I can’t figure out what these quotes mean, but here’s how I think of it:

  1. sigmoid allows the model to generate very high and low ratings internally that count as the ends of the actual scale and do not contribute much to the error. Therefore the network has a greater degree of freedom to find a better model - it can push the extreme ratings outward without much penalty.

  2. Using sigmoid mirrors the internal assessment process of human users. The best movie you have ever seen may feel like an 8, but you have to cap it at 5. Likewise, you might have already given Superman III a 1 and then unfortunately watched “Battlefield Earth”. Our own internal sigmoid pulls -8 up to .5.


(Malcolm McLean) #22

Some adventures with Movielens Mini Net, and need help.

Thanks for the clear lesson on embeddings and what happens under the hood. I am still astonished that machine learning can extract humanly meaningful patterns (embedding features) from data that seems unrelated to them. Having spent some time “feature engineering” for biology papers and stock trading, it’s truly remarkable that a computer can do this automatically. And perhaps better than an expert.

I decided to play around with the “Mini Net” from Lesson 5, and made some mistakes that could be instructive for us beginners. Jeremy’s output function is

return F.sigmoid(self.lin2(x)) * (max_rating-min_rating+1) + min_rating-0.5

This scrunches the range of outputs into (0,5.5), .5 points above and below the range of actual ratings. Since Jeremy said this compression into the actual range makes it easier for the model to learn an output, I thought that making the task even easier might improve the results. The above function is symmetric around zero, so why not shift it to the center of ratings spread at 2.75, and put in a scaling factor that lets .5 and 5 map exactly to themselves? The final output would then more exactly correspond to the actual ratings when the linear layer was correct.

So I tried it, and the error got worse. Of course! A linear layer specializes in learning the best shift and scaling for the input to sigmoid. My doing it manually was just redundant. After playing around some more, I saw that the initial error was higher when shifted than when left at zero. This makes sense if the default initialization already generates outputs centered around zero. Shifting the sigmoid was actually causing the model to start at a worse place in parameter space.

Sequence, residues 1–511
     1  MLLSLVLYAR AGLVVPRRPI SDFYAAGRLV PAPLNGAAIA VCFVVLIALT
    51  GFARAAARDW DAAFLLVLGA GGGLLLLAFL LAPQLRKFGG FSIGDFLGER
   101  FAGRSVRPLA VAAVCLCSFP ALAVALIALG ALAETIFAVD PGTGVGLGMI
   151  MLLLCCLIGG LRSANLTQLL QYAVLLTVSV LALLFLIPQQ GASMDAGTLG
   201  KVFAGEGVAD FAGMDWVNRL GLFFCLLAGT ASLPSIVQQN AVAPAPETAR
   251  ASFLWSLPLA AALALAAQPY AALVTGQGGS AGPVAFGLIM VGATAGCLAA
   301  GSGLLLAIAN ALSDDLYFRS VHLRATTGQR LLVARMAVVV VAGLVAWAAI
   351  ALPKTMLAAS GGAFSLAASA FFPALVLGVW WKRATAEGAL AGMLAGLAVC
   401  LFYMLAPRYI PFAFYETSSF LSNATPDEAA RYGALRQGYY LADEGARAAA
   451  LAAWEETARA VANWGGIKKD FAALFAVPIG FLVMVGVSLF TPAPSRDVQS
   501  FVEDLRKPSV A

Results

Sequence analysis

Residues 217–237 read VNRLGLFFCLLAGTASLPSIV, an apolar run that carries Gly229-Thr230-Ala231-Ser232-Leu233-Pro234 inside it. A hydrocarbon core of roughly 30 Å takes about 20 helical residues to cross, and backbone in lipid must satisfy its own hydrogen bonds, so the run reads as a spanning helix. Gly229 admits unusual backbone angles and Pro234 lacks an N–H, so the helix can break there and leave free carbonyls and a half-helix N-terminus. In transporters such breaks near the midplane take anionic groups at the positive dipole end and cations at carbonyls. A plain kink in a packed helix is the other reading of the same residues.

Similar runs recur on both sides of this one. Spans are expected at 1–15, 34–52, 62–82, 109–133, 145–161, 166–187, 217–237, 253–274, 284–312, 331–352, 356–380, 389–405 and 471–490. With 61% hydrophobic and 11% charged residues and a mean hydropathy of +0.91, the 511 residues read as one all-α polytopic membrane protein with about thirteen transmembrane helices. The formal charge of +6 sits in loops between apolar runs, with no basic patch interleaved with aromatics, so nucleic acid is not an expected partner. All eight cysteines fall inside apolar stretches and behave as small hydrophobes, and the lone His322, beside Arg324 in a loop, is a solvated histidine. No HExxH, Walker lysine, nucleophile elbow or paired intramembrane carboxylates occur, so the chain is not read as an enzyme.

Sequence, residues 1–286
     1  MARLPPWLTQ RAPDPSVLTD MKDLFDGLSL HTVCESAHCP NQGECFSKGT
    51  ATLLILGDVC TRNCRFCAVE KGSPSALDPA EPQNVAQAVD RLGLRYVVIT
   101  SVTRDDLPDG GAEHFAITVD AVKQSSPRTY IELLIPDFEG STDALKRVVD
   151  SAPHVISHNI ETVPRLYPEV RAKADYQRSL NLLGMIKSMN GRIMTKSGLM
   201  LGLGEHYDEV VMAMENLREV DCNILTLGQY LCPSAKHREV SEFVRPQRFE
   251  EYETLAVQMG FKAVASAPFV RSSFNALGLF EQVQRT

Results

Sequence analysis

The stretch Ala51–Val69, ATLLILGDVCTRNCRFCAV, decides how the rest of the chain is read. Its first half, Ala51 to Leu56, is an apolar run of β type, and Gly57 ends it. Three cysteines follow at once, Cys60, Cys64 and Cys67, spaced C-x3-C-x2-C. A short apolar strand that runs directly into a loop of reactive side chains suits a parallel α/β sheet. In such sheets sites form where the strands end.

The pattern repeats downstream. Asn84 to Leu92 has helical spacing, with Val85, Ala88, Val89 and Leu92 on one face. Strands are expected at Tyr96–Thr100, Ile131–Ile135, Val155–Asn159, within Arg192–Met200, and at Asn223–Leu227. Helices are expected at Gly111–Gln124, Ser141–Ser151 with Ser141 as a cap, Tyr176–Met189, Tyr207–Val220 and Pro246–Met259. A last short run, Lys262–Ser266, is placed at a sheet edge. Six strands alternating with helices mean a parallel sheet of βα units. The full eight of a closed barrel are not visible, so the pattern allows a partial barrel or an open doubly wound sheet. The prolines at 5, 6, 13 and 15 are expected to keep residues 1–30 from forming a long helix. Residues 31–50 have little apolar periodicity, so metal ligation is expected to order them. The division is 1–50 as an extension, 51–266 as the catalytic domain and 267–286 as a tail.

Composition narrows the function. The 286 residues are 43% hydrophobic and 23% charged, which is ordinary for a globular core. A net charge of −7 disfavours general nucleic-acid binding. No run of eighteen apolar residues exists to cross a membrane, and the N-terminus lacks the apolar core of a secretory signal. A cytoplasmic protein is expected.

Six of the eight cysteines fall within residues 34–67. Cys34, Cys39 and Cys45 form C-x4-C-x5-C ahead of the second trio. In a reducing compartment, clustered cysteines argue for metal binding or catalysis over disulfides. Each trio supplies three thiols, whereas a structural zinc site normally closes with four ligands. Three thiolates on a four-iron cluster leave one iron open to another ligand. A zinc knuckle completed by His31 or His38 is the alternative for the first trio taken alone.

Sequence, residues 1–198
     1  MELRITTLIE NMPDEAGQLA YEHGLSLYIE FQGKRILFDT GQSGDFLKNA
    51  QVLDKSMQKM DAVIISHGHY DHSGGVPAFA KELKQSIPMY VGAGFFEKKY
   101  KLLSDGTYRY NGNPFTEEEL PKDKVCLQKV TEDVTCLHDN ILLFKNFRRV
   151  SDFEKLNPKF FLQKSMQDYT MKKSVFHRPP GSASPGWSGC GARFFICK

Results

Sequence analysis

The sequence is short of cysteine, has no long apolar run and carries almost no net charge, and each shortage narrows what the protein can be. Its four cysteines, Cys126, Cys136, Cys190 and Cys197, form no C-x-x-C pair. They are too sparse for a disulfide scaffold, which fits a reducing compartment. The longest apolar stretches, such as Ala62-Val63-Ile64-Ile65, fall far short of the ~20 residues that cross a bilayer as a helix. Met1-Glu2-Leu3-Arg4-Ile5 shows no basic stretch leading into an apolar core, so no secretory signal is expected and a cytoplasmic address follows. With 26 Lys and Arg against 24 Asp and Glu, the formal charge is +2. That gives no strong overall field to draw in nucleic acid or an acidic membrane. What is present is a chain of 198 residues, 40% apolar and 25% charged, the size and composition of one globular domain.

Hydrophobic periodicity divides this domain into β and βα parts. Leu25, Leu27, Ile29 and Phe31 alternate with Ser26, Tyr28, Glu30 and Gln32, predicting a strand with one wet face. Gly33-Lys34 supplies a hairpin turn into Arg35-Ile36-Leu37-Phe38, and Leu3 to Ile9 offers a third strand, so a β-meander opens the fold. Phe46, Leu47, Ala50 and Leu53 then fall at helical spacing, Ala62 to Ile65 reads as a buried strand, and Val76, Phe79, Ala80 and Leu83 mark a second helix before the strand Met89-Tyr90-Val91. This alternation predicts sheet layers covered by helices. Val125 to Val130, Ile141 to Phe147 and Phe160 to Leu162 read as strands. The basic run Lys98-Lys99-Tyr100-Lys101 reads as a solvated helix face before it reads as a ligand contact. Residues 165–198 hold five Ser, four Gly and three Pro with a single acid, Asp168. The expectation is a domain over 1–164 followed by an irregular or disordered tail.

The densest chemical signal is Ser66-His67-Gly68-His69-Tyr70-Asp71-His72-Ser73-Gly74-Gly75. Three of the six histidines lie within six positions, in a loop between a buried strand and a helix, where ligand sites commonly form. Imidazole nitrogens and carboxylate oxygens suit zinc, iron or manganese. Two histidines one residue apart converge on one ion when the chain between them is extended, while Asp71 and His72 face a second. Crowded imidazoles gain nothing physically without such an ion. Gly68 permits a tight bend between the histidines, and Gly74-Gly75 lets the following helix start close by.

Maybe the above is obvious, but I had to go through the experiments to “get it”.

Next, I tried varying the range of the sigmoid. Jeremy’s had allowed .5 point above and below the actual range. What if there is a better value for this padding of the range? It turns out that there is, I think, and the best value may even be negative. But after dozens of runs and comparisons, I realized I was caught up in the infamous “hyperparameter tuning” loop. There was no end to the experiments, and the whole process was starting to feel a bit obsessive. Yet…this padding value is merely a number k used in the model. Why can’t the model itself find an optimal value for k? Then I can sit back and watch while the GPU does the work that I had been doing manually.

So I tried to add k as a model parameter by reading docs and copying code examples. And was unsuccessful. k stays at its initial value. Would someone who is further along with fastai and Python please look at this Jupyter notebook and correct it? Thanks!

https://gist.github.com/PomoML/f940ae18237552ce419293a9b774f23a

BTW, the notebook shows a method to run reproducible tests. Initial weights are saved once and reloaded before each experiment. I was stumped for a while about the inconsistent results from the same parameters until seeing that dropout uses the (pseudo)random number generator. Once the randomizer seed is set consistently, the same run yields the same result.

HTH someone, and looking forward to learning how to add parameter k.